AskLucasfilm: Darth-M says: What got you into scoring for films and what's more interesting to you...film scoring or writing for orchestra alone?
JohnWilliams: I came to the film world as a pianist, and played in orchestras for other conductors. As a result of being a member of orchestras recording for films, I became interested in the process. I hadn't planned this when I was younger, but I took that opportunity very happily and quickly. I have to say that writing for film or the concert hall, both are enormously interesting. It would be difficult to say I prefer one to the other.
JohnWilliams: When one writes for film, the inspiration comes from the atmosphere of the film, the dialogue, the characters, that inspire music : It's not easier to do than concert music, but there is a lot of joy and pleasure composing for films because the films themselves can be inspirational. In the case of concert music, that's also joyful to do, by contrast, the composer is free of the constraints of film. You can make the length what you like. I find both very rewarding, and the pursuit of one provides nourishment to the other, and a balanced life, and the chance to do both makes me very, very grateful.
AskLucasfilm: Viceroy-jedi says: What are some of the new facets to the Episode I soundtrack, compared to the earlier movies? I heard the choral voices, are there other new or different parts, maybe instrumentation?
JohnWilliams: The instrumentation for "Phantom Menace" is very much the same as the orchestration for the first three films. The basic instrumentation is the standard symphony orchestra. That goes back to the earliest days of discussions with George Lucas as to what would be most appropriate for the Star Wars films. There are some differences, though. One is the chorus being more prominent, but in addition, I've used to a greater degree than earlier the sound enhancement of electronics and the use of a keyboard synthesizer to enhance the orchestral colors. In the 22 years that have elapsed since the first film, the technology of electronic music has developed tremendously. I used a synthesizer throughout the score; example: the woodwinds might be enhanced in the background by the synthesizer to make the sound richer or deeper. Another difference is the improvement in recorded sound, again due to advancements. While all the scores have basically been symphonic in their sound, there are some differences technically between this one and the earlier three films.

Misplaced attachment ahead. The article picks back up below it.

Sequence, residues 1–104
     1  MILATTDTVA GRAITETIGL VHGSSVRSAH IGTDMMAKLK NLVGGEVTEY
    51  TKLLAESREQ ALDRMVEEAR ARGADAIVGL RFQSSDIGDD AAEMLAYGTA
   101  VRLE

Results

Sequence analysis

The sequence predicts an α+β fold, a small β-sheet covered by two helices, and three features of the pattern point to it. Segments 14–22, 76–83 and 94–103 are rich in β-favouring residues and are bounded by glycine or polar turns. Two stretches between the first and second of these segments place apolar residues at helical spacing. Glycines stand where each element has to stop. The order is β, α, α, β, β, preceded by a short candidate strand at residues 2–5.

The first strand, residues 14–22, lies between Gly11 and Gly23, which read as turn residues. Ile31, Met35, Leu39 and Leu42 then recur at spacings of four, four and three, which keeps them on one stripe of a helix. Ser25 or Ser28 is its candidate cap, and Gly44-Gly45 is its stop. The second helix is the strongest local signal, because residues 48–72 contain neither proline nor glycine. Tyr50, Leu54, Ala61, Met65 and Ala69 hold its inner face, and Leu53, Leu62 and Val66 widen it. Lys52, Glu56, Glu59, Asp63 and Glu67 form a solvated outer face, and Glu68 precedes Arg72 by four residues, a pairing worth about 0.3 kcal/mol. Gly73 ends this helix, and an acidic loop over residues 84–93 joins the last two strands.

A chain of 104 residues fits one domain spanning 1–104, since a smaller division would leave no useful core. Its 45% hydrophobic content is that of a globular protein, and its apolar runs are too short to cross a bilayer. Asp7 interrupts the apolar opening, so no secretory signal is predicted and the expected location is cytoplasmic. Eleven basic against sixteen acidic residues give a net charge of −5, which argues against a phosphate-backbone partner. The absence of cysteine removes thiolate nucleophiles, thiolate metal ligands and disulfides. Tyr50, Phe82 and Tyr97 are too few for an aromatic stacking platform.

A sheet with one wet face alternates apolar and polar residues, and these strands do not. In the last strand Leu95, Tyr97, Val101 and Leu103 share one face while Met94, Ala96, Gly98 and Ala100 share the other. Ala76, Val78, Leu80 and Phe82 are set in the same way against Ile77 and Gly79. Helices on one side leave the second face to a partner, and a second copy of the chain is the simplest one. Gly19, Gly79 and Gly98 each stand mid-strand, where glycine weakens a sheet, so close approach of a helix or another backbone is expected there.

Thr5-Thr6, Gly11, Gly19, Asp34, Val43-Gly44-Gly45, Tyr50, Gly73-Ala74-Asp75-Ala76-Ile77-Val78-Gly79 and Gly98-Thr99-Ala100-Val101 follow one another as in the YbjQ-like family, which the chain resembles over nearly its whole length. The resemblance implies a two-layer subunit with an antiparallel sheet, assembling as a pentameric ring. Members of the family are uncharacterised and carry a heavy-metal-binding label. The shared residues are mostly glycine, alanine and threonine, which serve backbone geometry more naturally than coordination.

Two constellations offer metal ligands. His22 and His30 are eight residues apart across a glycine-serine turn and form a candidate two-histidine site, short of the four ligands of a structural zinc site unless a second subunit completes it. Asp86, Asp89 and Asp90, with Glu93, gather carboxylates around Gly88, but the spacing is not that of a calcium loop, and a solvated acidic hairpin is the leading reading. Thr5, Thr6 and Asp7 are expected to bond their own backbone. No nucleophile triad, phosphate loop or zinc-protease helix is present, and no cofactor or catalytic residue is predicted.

AskLucasfilm: Jedi-Saxman717 says: Mr. Williams, how did you go about creating Anakin's theme? What did you have in mind when you went about composing it?
JohnWilliams: Anakin, as we now know, will metamorphoses into Darth Vader. And I wanted some of the innocence of childhood, untarnished by life's experiences a simple tuneful, lyrically scene for a young boy who displayed noble characteristics. I also wanted to give a hint of what was to come, by threading slight suggestions of the Darth Vader Imperial March into the innocence of the theme, so a listener who listens carefully would get the subtle hint that some of the melody is made from the Imperial March. The notes were changed rhythmically, so they didn't sound exactly like the original. But it still reflects, and hints, at what this boy will face later on in life. It was something I thought of working over the melody, and it was the first time I ever got a chance to intertwine two themes like that. Now, going backwards into the past with Episode I, I had that opportunity to thread them together. And to give a hint of a reality that we are already familiar with.
AskLucasfilm: Jedi-Michael says: Mr. Williams, my question is: Is there a Biography available with pictures and your music experiences when you were younger? What is your advice for people who want to compose film music? Thank you for all the awesome music! You are the greatest!!